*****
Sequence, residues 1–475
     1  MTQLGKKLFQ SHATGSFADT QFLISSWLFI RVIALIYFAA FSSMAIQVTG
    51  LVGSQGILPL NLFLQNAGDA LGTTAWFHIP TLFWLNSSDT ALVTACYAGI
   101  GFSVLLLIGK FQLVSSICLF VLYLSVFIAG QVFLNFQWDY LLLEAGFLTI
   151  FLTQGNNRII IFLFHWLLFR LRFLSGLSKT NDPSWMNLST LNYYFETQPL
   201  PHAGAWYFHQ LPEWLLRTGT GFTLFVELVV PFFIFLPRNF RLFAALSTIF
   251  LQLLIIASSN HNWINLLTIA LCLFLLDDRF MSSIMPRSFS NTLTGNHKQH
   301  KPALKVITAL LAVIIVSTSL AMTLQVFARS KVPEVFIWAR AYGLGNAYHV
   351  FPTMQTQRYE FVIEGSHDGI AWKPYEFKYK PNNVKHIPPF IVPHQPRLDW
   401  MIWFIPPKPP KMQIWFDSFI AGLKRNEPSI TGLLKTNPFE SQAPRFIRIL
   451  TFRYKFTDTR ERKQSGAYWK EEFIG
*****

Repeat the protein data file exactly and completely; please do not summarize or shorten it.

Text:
Sequence, residues 1–475
     1  MTQLGKKLFQ SHATGSFADT QFLISSWLFI RVIALIYFAA FSSMAIQVTG
    51  LVGSQGILPL NLFLQNAGDA LGTTAWFHIP TLFWLNSSDT ALVTACYAGI
   101  GFSVLLLIGK FQLVSSICLF VLYLSVFIAG QVFLNFQWDY LLLEAGFLTI
   151  FLTQGNNRII IFLFHWLLFR LRFLSGLSKT NDPSWMNLST LNYYFETQPL
   201  PHAGAWYFHQ LPEWLLRTGT GFTLFVELVV PFFIFLPRNF RLFAALSTIF
   251  LQLLIIASSN HNWINLLTIA LCLFLLDDRF MSSIMPRSFS NTLTGNHKQH
   301  KPALKVITAL LAVIIVSTSL AMTLQVFARS KVPEVFIWAR AYGLGNAYHV
   351  FPTMQTQRYE FVIEGSHDGI AWKPYEFKYK PNNVKHIPPF IVPHQPRLDW
   401  MIWFIPPKPP KMQIWFDSFI AGLKRNEPSI TGLLKTNPFE SQAPRFIRIL
   451  TFRYKFTDTR ERKQSGAYWK EEFIG